An Observational Preliminary Study on the Safety of Long-Term Consumption of Micronutrients for the Treatment of Psychiatric Symptoms.

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An Observational Preliminary Study on the Safety of Long-Term Consumption of Micronutrients for the Treatment of Psychiatric Symptoms.

J Altern Complement Med. 2019 May 13;:

Authors: Rucklidge JJ, Eggleston MJF, Ealam B, Beaglehole B, Mulder RT

Abstract
Objectives: There is an increasing body of literature documenting the efficacy of micronutrients (vitamins and minerals) interventions for the treatment of psychiatric problems in the short term; however, long-term safety is largely unexplored. The goal of this observational study was to investigate the safety of two commercially available broad-spectrum micronutrient formulas (EMPowerplus and Daily Essential Nutrients) given at doses above the Recommended Dietary Allowances for the long-term treatment of individuals with psychiatric symptoms. Design: Participants on long-term treatment with micronutrients (medication-free) for psychiatric problems (attention-deficit hyperactivity disorder [ADHD, n = 21], anxiety/depression [n = 13]) were identified from ongoing research studies and the community through purchasing records. Seventeen children and 17 adults had blood tests to assess their full blood count, coagulation profile, liver and kidney function, fasting glucose, iron studies, key nutrients, and prolactin. Questionnaires assessed psychological/psychiatric functioning. Seventeen of the participants had completed the same measures pretreatment. Results: The average length of consuming micronutrients was 2.66 years (standard deviation = 2.86). Excluding B12 (which was elevated for almost all participants), 94.6% of all blood test results were within the test reference ranges. One participant was diagnosed with hemochromatosis based on iron studies. No other clinically relevant adverse changes in blood results were identified pre- and post-treatment. No clinically significant adverse effects were reported. Post-treatment psychometrics identified that 85% of the participants were in nonclinical ranges for measures of ADHD, depression, anxiety, and stress. Conclusions: We report preliminary evidence for the safety of long-term commercially available micronutrients, although questions remain. Overall, the substantial psychiatric benefits observed appear to outweigh the minimal observed risks in these participants. Screening for potential medical problems is recommended before initiating treatment. Long-term pharmacovigilance monitoring is required to ascertain any rare but significant adverse events.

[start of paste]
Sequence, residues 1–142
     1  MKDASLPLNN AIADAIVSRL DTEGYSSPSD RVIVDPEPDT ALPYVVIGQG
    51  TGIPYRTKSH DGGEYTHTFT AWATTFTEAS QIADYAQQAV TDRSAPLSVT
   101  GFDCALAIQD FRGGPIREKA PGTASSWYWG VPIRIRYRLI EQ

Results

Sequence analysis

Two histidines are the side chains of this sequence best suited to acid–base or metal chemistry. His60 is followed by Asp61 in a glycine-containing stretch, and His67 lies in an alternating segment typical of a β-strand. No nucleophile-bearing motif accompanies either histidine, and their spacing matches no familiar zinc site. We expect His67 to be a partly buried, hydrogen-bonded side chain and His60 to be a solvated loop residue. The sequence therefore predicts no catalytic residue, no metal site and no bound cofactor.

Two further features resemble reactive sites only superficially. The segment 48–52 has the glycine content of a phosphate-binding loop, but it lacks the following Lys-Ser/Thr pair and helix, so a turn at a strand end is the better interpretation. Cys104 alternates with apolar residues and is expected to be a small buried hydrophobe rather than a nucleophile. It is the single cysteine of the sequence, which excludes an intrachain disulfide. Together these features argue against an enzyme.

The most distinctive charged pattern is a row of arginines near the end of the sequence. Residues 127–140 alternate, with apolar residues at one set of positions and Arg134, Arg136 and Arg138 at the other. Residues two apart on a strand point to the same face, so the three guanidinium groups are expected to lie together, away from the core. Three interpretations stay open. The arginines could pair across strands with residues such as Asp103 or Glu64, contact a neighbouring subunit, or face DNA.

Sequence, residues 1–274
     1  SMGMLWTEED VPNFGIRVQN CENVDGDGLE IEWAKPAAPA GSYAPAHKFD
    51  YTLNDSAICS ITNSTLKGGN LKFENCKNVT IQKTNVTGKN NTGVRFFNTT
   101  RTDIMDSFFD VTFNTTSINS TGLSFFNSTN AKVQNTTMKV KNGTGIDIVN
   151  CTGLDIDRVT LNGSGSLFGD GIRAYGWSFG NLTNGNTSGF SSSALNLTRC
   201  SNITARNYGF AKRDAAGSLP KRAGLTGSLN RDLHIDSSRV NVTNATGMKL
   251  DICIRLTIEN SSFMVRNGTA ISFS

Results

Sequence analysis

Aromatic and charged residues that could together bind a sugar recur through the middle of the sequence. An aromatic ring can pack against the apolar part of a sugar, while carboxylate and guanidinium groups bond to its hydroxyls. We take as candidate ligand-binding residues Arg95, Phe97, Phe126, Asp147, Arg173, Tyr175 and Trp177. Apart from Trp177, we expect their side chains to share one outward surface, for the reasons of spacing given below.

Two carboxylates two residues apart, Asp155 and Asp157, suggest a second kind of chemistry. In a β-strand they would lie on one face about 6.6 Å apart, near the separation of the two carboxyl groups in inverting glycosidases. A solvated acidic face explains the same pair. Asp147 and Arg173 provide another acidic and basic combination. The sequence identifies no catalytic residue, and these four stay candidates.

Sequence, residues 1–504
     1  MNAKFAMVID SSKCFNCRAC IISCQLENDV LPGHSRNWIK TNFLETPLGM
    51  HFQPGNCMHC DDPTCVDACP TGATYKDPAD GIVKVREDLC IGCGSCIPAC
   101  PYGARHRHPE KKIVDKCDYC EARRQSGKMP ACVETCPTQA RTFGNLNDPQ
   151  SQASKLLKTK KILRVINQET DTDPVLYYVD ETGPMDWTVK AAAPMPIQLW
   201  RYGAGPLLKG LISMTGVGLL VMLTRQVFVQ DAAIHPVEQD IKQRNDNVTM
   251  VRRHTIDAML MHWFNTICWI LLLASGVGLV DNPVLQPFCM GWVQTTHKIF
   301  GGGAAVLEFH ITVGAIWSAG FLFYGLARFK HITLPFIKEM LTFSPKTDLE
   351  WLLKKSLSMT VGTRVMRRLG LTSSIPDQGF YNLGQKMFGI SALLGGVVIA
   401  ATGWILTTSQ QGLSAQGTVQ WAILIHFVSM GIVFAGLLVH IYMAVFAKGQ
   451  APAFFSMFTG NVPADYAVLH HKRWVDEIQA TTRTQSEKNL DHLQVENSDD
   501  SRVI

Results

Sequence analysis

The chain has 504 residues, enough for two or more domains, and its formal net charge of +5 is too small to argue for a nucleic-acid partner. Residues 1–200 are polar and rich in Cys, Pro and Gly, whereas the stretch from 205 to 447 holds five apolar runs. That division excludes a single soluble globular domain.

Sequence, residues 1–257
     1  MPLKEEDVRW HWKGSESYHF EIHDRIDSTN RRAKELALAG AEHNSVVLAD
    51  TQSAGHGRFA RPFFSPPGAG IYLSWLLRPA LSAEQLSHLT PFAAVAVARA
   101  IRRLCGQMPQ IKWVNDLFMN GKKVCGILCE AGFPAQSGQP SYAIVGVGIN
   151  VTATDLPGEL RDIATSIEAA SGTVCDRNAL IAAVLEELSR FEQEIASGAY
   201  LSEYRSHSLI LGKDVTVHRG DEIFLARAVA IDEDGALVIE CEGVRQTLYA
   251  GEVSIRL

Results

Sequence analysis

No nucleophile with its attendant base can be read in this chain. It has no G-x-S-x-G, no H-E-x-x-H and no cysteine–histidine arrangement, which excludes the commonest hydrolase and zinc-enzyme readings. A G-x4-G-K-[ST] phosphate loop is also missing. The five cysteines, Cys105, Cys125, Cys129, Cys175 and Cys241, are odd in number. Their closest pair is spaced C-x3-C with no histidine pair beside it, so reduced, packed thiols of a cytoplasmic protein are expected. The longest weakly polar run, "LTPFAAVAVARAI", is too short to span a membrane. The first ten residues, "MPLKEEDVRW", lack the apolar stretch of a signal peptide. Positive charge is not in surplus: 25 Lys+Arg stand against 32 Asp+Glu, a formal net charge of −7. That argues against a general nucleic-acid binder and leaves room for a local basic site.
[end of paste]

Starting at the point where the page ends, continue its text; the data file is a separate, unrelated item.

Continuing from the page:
PMID: 31081672 [PubMed – as supplied by publisher]

via https://www.ncbi.nlm.nih.gov/pubmed/31081672?dopt=Abstract


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